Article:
L: Oh, I have no question that's how that whole mechanism works. The more they call us sick, the more it chips away at our self-image. And let's face it, most people have trouble enough with their self-image. Life is hard for everybody. It's hard to keep your strength up all the time. It took me a long time not to give a fuck what other people thought. But this is all wearing me down, all the stuff that they're doing to us now. Because, we're not fighting back. That also decreases the sense of our self-worth if we can't even fight back. So we're participating in our own destruction somehow. It's very sad.
LB: Do you see anything that makes you hopeful?
L: No. I can't see it. Who makes the decisions for us? We have no elected officials, we have no organizations that represent us as a group and when anybody at the head of an organization speaks out as if he's speaking for everybody, people get mad. "I don't agree with you. How dare you say those things on behalf of all gay people." We have no way of governing ourselves or ruling ourselves. We have no way to meet like in a congress to have different views debated and decisions reached through compromise--we have none of that. So we're really just a lot of people wondering around lost in the wilderness.
LB: And very divided, and not connected to our history. The younger generation hasn't watched as many of their friends die.
L: And one organization doesn't work with another organization doesn't work with a third organization and they all get mad at each other because "You're in my territory! You've usurped my issue." instead of saying "Let's all sit down and try and work on this together". So they all cancel each other out.
LB: At the speech, you got a big laugh when you dropped your red, white and blue flag sweater on the ground and you also used a very effective theatrical device of repeating, several times in your speech, the bit about "I love being gay, I love gay people, I think we're better than other people...." Are you perhaps thinking of another theatrical venture? You say that you're doing a film of The Normal Heart--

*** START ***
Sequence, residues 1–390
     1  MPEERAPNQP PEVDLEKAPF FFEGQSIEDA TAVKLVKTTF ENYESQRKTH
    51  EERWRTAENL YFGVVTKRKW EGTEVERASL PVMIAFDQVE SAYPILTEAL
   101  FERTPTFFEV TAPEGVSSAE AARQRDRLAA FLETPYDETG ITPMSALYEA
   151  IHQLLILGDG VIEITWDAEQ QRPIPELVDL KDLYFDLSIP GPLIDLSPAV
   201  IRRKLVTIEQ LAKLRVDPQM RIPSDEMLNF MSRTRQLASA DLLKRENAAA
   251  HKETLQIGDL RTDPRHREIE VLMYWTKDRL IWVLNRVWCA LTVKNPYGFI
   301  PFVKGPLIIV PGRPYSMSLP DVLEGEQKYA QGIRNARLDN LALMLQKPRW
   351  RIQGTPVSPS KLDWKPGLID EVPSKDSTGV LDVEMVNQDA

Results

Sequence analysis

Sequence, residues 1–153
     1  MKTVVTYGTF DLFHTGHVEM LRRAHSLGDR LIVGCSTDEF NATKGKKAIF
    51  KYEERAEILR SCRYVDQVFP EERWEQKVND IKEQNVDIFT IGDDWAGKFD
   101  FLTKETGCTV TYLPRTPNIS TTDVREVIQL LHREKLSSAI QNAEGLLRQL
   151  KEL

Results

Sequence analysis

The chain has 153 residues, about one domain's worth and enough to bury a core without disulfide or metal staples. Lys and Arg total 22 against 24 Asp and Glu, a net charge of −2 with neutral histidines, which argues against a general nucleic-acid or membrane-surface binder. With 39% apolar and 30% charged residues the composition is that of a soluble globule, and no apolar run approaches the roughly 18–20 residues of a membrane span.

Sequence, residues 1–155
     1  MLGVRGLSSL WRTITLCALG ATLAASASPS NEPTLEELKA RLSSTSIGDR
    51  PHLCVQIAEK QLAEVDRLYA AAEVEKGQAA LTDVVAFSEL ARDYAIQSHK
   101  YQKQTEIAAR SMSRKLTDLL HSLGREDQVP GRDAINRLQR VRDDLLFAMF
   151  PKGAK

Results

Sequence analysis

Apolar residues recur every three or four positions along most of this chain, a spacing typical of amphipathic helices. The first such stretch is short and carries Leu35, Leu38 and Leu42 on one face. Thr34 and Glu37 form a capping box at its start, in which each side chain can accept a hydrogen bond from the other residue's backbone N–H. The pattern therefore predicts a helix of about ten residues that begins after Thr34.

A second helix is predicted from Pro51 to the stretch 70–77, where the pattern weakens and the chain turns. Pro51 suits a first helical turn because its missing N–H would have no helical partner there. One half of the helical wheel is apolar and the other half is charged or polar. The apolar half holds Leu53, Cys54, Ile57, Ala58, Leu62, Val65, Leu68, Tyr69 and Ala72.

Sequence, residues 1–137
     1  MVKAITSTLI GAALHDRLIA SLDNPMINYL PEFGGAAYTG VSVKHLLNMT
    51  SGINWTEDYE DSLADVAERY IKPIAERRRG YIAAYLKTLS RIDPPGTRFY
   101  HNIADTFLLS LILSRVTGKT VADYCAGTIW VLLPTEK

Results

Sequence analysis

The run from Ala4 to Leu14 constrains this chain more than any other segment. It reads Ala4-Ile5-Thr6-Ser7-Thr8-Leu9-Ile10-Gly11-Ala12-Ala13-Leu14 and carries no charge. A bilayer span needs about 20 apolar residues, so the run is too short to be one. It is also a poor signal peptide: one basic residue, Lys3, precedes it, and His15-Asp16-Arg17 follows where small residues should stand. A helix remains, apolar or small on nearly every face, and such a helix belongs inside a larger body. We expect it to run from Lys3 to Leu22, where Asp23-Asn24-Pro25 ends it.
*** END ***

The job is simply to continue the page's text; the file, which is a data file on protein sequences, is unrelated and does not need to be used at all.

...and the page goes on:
L: I didn't say that officially. There will be a movie of The Normal Heart. I can't say more than that right now.
LB: How about your book The American People, which you've been working on since 1978. It's already 3,000 pages. What's that about?
L: I've described it before. It's a history of America and it starts with the monkeys in the jungle. It's a history of gay people in America 'cause we've been here since the beginning even though we didn't have a name. And it's a history of minorities--
LB: Will there be more details about Abraham Lincoln and George Washington being gay?
L: There's a lot in there.
LB: Go ahead with the minorities, I didn't mean to interrupt you.
L: Well, I've discovered a lot of awful things that they've done to us over the years, over the centuries.
LB: And about the minorities...
L: There's a lot of about how the minorities were treated especially gays and jews and blacks. And about how this virus has managed to grow. The virus itself is a character in the book. It's been around a long time. It's supposed to have crossed over from monkeys into people in the 16th Century. And it's a history of AIDS. I'm the only writer who's left alive who's been on the front line since the beginning. And I know all the bodies that were buried, literally and figuratively.
LB: Another great question you ask in the speech is "Why isn't anyone else speaking out about this?".
L: That's one of those "I don't know" questions.
LB: Well, I hope that your book will stimulate such speeches.
L: I hope so too.
LB: (Laughing) So there's SOME hope?
L: Well, you never don't have hope, but I'm not very hopeful right now.